# Quick start examples

## C++

After following the Installation guide you will be able to compile and run your first C++ dCGP program,
put the following text into a `getting_started.cpp`

file:

```
1#include <iostream>
2#include <dcgp/expression.hpp>
3#include <dcgp/kernel_set.hpp>
4#include <audi/gdual.hpp>
5
6using namespace dcgp;
7
8int main() {
9 // 1- Instantiate a random expression using the 4 basic arithmetic operations
10 kernel_set<audi::gdual_d> basic_set({"sum", "diff", "div", "mul"});
11 // Number of independent variables (input dimensionality of the expression)
12 unsigned n_input = 1u;
13 // Number of outputs (output dimensionality of the expression)
14 unsigned n_output = 1u;
15 // Number of rows of the cartesian representation of the expression
16 unsigned rows = 1u;
17 // Number of columns of the cartesian representation of the expression
18 unsigned cols = 6u;
19 // Number of levels-back (controlling the minimum number of allowed operations in the formula,
20 // if uncertain set it to cols + 1)
21 unsigned lb = 7u;
22 // Arity of the various kernels (the fundamental blocks that build up the expression)
23 unsigned arity = 2u;
24 // Maximum number of costants in the formula (a.k.a. ephemeral constants)
25 unsigned n_eph = 0u;
26 // Random seed used to generate the initial formula and all of its subsequent mutations
27 unsigned seed = 4232123212u;
28
29 expression<audi::gdual_d> ex(n_input, n_output, rows, cols, lb, arity, basic_set(), n_eph, seed);
30
31 // 2 - Define the symbol set to be used in visualizing the expression
32 // (in our case, 1 input variable named "x") and visualize the expression
33 std::vector<std::string> in_sym({"x"});
34 audi::print("Expression: ", ex(in_sym)[0], "\n");
35
36 // 3 - Define a gdual number of value 1.2 and truncation order 2
37 audi::gdual_d x(1.2, "x", 2);
38
39 // 4 - Compute the output of the expression and its second derivative in x = 1.2 and visualize
40 audi::print("\nExpression in x=1.2: \n", ex({x})[0], "\n");
41 audi::print("\nSecond derivative: ", ex({x})[0].get_derivative({2}), "\n");
42
43 // 5 - Mutate the expression with 2 random mutations of active genes and visualize
44 ex.mutate_active(2);
45 audi::print("\nMutated expression: ", ex(in_sym)[0], "\n");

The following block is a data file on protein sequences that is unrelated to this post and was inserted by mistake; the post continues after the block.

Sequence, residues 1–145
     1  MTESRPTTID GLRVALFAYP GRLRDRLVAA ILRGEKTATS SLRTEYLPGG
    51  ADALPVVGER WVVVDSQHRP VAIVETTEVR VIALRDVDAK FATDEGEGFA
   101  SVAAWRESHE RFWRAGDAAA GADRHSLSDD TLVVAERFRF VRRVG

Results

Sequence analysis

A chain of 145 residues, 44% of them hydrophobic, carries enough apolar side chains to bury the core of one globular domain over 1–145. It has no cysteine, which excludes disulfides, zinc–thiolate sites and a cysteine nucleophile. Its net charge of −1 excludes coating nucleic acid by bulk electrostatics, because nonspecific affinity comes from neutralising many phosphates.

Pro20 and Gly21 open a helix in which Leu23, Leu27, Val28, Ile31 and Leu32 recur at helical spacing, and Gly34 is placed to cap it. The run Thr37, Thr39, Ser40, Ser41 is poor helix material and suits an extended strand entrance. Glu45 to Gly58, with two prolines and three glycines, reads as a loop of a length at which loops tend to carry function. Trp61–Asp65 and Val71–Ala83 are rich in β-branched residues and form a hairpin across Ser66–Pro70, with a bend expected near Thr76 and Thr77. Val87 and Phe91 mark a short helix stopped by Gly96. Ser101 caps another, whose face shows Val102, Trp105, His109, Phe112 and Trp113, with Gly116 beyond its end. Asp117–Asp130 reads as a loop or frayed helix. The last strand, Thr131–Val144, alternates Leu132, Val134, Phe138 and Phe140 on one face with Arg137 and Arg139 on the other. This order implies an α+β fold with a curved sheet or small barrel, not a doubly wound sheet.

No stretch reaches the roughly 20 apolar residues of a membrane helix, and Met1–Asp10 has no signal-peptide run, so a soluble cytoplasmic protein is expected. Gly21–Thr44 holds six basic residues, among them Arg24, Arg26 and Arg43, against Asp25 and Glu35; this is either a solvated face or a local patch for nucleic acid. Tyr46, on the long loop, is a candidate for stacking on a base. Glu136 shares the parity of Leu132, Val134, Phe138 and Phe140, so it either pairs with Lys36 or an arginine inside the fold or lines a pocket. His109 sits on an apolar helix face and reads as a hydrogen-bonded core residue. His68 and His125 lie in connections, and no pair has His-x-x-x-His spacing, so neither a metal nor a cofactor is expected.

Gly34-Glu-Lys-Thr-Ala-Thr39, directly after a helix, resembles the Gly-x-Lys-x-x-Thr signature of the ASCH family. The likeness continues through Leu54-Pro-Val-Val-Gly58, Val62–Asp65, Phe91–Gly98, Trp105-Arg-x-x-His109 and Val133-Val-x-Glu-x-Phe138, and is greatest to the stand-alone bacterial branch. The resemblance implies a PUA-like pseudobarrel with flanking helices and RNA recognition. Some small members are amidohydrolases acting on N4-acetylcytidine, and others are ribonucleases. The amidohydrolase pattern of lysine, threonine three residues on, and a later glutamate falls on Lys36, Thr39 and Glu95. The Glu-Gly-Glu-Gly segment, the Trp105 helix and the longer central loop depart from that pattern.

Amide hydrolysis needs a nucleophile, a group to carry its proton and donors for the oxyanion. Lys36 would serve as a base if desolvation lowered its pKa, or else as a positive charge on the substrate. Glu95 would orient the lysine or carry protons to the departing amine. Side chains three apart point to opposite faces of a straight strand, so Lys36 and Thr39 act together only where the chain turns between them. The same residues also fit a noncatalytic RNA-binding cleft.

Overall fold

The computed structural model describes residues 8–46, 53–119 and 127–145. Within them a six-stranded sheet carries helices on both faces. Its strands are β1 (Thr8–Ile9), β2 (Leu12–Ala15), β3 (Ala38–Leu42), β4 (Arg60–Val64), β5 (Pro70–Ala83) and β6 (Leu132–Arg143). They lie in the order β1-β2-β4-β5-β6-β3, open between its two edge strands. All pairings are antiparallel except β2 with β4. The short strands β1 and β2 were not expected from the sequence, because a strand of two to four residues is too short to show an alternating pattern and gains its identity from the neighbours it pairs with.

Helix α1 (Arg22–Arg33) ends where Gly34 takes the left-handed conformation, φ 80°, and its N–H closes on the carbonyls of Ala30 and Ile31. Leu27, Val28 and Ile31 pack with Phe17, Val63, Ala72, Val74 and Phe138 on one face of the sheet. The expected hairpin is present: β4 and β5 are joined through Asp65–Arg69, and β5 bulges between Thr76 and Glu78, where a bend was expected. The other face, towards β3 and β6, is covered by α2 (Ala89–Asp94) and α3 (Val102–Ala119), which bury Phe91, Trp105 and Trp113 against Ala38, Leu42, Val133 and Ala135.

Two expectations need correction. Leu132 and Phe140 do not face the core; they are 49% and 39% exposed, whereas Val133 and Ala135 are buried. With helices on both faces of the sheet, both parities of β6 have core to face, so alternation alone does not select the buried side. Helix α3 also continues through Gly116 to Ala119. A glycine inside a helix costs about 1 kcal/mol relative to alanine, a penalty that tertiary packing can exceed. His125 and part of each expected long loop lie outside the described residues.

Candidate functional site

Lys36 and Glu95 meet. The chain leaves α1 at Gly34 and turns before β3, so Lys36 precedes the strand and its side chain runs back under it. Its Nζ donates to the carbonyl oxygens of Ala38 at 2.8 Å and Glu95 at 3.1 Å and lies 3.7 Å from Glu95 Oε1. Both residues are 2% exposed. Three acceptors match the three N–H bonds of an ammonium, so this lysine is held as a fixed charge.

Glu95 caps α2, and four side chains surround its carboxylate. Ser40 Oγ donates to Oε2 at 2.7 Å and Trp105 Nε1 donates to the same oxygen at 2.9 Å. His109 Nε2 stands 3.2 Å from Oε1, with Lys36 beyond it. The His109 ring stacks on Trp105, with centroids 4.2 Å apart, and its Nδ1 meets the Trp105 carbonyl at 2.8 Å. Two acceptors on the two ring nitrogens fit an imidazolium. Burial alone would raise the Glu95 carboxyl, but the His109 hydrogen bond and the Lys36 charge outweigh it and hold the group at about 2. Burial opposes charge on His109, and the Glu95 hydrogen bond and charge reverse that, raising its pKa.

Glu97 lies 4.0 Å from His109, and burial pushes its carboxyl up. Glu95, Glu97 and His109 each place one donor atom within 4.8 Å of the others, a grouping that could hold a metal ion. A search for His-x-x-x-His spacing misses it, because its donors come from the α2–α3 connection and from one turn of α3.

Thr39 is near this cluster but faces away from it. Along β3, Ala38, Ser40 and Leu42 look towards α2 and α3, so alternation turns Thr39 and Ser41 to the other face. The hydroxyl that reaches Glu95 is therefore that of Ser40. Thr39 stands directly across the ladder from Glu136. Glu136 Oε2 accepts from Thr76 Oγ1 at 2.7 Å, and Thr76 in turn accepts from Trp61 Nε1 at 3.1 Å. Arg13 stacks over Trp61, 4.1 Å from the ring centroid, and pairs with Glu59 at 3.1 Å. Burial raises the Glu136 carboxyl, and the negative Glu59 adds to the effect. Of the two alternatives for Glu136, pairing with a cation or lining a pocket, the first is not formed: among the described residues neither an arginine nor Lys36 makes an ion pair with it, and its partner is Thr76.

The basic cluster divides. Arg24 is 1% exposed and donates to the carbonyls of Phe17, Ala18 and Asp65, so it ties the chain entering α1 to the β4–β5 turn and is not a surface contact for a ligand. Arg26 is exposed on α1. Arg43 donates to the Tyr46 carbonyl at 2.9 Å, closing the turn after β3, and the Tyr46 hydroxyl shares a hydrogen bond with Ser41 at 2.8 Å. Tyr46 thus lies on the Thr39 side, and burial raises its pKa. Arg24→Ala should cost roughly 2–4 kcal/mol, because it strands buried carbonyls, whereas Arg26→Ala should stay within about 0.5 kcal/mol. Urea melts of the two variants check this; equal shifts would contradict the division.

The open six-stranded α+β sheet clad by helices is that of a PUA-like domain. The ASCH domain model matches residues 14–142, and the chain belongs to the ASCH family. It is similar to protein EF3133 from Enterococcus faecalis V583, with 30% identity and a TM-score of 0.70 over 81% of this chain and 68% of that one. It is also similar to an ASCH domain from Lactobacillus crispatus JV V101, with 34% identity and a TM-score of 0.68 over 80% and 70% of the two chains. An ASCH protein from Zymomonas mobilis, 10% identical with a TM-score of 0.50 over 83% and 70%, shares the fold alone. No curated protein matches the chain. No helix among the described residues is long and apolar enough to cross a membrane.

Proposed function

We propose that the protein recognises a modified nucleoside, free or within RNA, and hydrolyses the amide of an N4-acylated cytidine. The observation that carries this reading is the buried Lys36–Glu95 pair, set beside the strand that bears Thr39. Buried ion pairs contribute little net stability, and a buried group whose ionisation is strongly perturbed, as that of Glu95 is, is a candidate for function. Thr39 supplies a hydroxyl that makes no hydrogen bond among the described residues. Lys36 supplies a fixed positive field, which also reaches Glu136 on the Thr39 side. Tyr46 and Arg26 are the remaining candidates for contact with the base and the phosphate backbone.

46}
```

To compile it, create also, in the same folder, a `CmakeLists.txt`

file with the following content:

```
project(getting_started)
cmake_minimum_required(VERSION 3.8)
find_package(dcgp REQUIRED)
add_executable(getting_started getting_started.cpp)
target_link_libraries(getting_started Dcgp::dcgp)
set_property(TARGET getting_started PROPERTY CXX_STANDARD 17)
set_property(TARGET getting_started PROPERTY CXX_STANDARD_REQUIRED YES)
set_property(TARGET getting_started PROPERTY CXX_EXTENSIONS NO)
```

then:

```
$ mkdir build
$ cd build
$ cmake ../
$ make
$ ./getting_started
```

## Python

If you have successfully compiled and installed dcgpy following the Installation guide you will be able to test its use by running the following script:

```
1from dcgpy import expression_gdual_double as expression
2from dcgpy import kernel_set_gdual_double as kernel_set
3from pyaudi import gdual_double as gdual
4
5# 1- Instantiate a random expression using the 4 basic arithmetic operations
6ks = kernel_set(["sum", "diff", "div", "mul"])
7ex = expression(inputs = 1,
8 outputs = 1,
9 rows = 1,
10 cols = 6,
11 levels_back = 6,
12 arity = 2,
13 kernels = ks(),
14 n_eph = 0,
15 seed = 4232123212)
16
17
18# 2 - Define the symbol set to be used in visualizing the expression
19# (in our case, 1 input variable named "x") and visualize the expression
20in_sym = ["x"]
21print("Expression:", ex(in_sym)[0])
22
23# 3 - Print the simplified expression
24print("Simplified expression:", ex.simplify(in_sym))
25
26# 4 - Visualize the dCGP graph
27ex.visualize(in_sym)
28
29# 5 - Define a gdual number of value 1.2 and truncation order 2
30x = gdual(1.2, "x", 2)
31
32# 6 - Compute the output of the expression and its second derivative in x = 1.2 and print
33print("Expression in x=1.2:", ex([x])[0])
34print("Second derivative:", ex([x])[0].get_derivative([2]))
35
36# 5 - Mutate the expression with 2 random mutations of active genes and print
37ex.mutate_active(2)
38print("Mutated expression:", ex(in_sym)[0])
```

Place it into a `getting_started.py`

text file and run it with:

```
$ python getting_started.py
```

We recommend the use of Jupyter or Ipython to enjoy `dcgpy`

the most.